slanted W3C logo
Cover page images (keys)

Unobtrusive Namespaces

Simplifying and Enabling

Liam Quin

Images from used by permission. Photographs by Liam Quin.

The Perceived Problems

Some people dislike namespace syntax

HTML 5 draft violates layering

Can't define namespace mashups/mixins

Constraints on solutions

Must not require understanding of current syntax in most cases

(i.e. don't improve something by making it harder)

Must not require central registration: must be distributed

Must not break existing XML documents

Must work in today's typewr Web browsers and XML applications

(note, Web browsers require namespace-wellformedness, and ignore DTDs)

Who are we helping?

People authoring documents by hand (including XHTML5)

(often not very sophisticated in nuances of the specs)

People extending vocabularies, e.g. making mashups like XHTML+MathML+GeoML+SVG

(remove the need to remember who defines what in a mashup)

Other technologies

Henry Thompson's Default Prefix Declaration

(does not work in existing Web browsers)

Pragmatic Namespaces from Micah Dubinko, hardwires a list of prefixes, and uses dots for namespaces, e.g. <>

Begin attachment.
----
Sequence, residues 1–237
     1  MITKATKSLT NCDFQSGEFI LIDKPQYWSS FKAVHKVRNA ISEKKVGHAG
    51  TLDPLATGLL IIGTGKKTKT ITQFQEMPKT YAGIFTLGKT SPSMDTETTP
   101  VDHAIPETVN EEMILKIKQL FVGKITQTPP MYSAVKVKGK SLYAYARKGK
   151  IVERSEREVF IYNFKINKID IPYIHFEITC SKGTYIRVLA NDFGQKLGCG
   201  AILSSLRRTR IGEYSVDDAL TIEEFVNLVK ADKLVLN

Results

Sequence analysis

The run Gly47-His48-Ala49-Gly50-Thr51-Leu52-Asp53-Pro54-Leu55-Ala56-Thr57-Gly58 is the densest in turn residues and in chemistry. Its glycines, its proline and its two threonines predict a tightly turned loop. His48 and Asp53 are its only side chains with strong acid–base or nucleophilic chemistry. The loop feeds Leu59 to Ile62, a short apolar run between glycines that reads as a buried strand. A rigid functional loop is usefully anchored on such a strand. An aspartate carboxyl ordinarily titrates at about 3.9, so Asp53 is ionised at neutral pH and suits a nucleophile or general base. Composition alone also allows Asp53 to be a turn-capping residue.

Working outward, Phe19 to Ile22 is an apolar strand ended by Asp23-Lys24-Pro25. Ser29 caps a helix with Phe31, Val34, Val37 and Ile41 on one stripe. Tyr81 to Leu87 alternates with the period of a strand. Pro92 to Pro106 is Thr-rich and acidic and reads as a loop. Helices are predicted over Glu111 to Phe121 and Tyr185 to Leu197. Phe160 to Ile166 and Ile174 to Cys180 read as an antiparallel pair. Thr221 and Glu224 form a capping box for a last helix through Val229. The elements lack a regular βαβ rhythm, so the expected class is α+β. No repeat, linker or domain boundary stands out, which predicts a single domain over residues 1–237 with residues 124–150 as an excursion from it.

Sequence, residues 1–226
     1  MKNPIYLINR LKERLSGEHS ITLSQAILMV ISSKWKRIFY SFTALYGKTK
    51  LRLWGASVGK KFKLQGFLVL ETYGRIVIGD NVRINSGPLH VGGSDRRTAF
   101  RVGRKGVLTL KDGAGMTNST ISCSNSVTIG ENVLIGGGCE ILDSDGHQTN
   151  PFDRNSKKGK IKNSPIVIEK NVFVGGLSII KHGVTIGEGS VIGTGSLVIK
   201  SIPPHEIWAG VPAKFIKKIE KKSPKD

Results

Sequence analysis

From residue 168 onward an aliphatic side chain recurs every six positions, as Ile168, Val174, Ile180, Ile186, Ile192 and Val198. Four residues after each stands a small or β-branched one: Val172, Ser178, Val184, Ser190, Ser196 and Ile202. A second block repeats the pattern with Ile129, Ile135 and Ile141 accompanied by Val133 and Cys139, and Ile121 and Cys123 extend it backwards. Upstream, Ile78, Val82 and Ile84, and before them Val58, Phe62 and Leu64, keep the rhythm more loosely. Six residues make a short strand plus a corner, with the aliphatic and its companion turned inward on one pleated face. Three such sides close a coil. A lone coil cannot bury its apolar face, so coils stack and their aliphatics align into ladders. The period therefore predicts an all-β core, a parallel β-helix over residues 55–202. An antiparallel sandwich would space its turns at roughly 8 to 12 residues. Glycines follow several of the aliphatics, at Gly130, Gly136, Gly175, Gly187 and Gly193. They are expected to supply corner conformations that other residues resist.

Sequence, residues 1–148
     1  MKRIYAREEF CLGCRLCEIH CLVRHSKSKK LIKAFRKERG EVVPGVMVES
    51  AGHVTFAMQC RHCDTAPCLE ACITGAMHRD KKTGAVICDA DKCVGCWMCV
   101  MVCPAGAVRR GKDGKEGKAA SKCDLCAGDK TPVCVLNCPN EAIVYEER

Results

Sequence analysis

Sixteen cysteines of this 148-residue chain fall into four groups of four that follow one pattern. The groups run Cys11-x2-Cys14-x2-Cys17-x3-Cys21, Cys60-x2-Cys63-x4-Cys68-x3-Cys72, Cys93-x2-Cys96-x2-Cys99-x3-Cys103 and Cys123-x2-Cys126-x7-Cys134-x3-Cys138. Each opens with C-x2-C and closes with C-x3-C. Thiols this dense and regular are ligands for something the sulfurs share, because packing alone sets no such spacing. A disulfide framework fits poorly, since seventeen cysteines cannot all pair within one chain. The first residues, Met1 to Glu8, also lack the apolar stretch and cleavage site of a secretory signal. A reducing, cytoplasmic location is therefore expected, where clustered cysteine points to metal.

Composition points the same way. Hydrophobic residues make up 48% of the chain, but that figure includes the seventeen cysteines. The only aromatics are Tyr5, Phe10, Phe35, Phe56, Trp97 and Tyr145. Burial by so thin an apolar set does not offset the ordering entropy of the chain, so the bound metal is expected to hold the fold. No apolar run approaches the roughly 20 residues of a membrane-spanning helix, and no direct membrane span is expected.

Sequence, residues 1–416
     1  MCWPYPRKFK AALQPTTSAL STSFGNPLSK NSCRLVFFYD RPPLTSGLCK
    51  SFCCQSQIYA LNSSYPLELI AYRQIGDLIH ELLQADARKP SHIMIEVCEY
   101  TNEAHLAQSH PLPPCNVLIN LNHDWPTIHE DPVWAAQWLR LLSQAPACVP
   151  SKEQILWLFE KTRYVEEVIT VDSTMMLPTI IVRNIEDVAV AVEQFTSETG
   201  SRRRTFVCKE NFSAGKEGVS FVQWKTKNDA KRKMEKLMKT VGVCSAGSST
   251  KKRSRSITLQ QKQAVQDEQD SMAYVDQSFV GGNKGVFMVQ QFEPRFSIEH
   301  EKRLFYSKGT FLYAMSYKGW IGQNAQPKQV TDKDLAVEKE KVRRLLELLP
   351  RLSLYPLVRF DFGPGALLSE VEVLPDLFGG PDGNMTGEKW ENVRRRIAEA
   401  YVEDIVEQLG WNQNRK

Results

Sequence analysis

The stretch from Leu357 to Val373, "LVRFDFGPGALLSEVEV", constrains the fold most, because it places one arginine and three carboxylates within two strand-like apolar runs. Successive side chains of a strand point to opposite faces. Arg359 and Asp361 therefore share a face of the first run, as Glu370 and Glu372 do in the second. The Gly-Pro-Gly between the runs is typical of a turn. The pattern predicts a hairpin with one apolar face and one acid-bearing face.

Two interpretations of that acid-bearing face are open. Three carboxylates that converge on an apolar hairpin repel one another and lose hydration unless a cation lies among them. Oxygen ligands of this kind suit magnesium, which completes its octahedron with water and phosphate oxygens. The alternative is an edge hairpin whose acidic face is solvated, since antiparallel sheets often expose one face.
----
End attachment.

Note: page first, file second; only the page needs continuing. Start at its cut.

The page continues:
explicit coupling of namespace and element removes ambiguity, sometimes good, sometimes bad; the use of the dot breaks existing content

James Clark has blogged about namespaces too.

Unobtrusive namespaces

Proposal: Unobtrusive Namespaces

Remove the need for prefixes in almost all documents;

Allow the use of prefixes where it makes sense (e.g. RDF) or where disambiguation is needed;

Namespace Definition File assocates elements and namespace URIs, and can include other NDFs

Proposal: Invisible Namespaces

Any XML application (including Web browsers) is allowed to have a default Namespace Definition File;

The file does not have to exist or be read (hence imaginary) as long as the application behaves as if it eisted.

Users can augment the default with an NDF of their own, but this cannot redefine elements in the default NDF

hence, Web browsers can do incremental rendering before fetching any user-supplied NDF

Benefits of Proposal

Can work in existing Web browsers

XSLT and XQuery can be used to supply explicit xmlns declarations

Removes the need for people to understand namespaces until they are ready

With (almost) everything in the default namespace, there's much less syntax

Supports mashups, you can say, my namespace is SVG + MathML + GeoML or whatever

Allows same treatment for HTML 5 and for XML/XHTML

Drawbacks of Proposal

Namespace declarations separated from documents (NDFs ameliorate this a little)

Still need full xmlns:foo="bar" sometimes, e.g. for conflicts or for XLink

No way to declare a default prefix, since Web browsers enforce NS-wellformeness; could use dot or underscore instead

A JavaScript implementation is possible for the Web, but changing the DOM can break other scripts


Maybe a mixed proposal has the most possibilities.

Should we have a workshop to try to decide whether to think about maybe possibly doing something?

Or should we just choose one and see what happens?

Questions?, Liam R. E .Quin